Aliso Canyon methane leak 6. (credit:
Earthworks / Flickr)
A massive natural gas leak at a storage facility in Southern
California was caused by microbial corrosion of well equipment,
according to a new independent report from analysis firm Blade
Energy Partners. The report blames the storage facility owner,
Southern California Gas (SoCalGas) for failing to conduct follow-up
inspections of equipment, despite knowing about 60 smaller leaks at
the facility that had occurred since the 1970s.
The final leak—which spewed 109,000 metric tons of methane
into the air over five months between 2015 and 2016—was the
biggest methane leak in US history. (A larger loss of methane
occurred in 2004 in Texas, but a corresponding fire immediately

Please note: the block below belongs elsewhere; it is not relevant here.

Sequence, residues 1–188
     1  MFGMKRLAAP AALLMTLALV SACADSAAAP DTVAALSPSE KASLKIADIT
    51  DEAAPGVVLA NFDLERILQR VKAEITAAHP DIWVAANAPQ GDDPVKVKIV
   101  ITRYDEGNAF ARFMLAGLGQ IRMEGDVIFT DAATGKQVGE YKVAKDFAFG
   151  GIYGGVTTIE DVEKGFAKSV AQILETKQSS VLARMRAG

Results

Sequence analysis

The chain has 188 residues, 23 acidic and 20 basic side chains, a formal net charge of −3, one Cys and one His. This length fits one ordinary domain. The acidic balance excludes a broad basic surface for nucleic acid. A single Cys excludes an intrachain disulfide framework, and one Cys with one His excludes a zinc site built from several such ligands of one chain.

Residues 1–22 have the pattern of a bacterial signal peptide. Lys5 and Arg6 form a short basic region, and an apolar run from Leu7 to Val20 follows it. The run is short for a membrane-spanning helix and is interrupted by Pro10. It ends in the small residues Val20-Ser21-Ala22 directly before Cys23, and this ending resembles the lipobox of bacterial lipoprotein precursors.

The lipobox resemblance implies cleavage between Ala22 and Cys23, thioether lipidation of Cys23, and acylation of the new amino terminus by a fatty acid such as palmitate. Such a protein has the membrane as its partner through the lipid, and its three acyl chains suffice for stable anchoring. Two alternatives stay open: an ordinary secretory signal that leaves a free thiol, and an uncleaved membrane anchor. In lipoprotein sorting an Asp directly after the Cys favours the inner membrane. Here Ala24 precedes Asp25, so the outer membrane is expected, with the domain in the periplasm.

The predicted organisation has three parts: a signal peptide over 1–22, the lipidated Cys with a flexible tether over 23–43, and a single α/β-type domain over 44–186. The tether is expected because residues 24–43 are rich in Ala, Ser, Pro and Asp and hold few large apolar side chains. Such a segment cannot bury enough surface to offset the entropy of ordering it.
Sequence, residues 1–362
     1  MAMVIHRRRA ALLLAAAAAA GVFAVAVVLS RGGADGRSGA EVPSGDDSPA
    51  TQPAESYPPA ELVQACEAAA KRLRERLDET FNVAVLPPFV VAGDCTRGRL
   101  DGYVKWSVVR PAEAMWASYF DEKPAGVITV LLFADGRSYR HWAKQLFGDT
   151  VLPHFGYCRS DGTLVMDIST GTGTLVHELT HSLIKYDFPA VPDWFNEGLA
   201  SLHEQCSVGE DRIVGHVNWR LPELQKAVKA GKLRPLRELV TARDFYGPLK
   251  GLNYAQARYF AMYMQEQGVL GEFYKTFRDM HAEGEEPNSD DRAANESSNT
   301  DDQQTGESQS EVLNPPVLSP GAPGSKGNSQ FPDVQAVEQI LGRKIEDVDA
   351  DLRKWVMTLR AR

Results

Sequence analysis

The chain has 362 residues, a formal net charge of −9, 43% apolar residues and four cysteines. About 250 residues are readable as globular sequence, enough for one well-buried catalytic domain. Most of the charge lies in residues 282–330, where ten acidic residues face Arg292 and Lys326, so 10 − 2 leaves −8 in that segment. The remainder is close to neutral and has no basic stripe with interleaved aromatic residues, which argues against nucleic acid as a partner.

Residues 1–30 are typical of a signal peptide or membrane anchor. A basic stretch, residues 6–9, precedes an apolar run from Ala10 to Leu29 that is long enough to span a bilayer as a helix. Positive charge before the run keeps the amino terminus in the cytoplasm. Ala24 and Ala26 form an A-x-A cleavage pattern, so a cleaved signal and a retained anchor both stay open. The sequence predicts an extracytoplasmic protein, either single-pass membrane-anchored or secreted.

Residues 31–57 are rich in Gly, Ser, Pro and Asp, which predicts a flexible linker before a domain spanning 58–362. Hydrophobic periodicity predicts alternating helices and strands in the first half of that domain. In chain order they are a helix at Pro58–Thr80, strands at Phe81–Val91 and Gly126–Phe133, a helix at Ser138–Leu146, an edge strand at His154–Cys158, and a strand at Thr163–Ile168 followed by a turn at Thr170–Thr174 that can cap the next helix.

combusted the methane into carbon dioxide.) But the California leak
at the Aliso Canyon Natural Gas Storage Field was particularly
devastating because methane, unfortunately, is a far more potent
greenhouse gas than carbon dioxide.
The new report (PDF) was commissioned three years earlier to
find the root cause of the leak. According to a press release from
the California Public Utilities Commission (CPUC), Blade Energy
Partners found that the leak came from a seven-inch outer well
casing which had corroded due to exposure to microbes from
groundwater. The natural gas storage facility at Aliso Canyon is
made up of dozens of vast underground caverns which were previously
filled with oil before they were pumped and emptied decades ago.
Since then, the caverns have been used to store natural gas to
supply the Southern California area.
Source: FS – All – Science – News
Massive 2015 natural gas leak caused by microbial corrosion, report says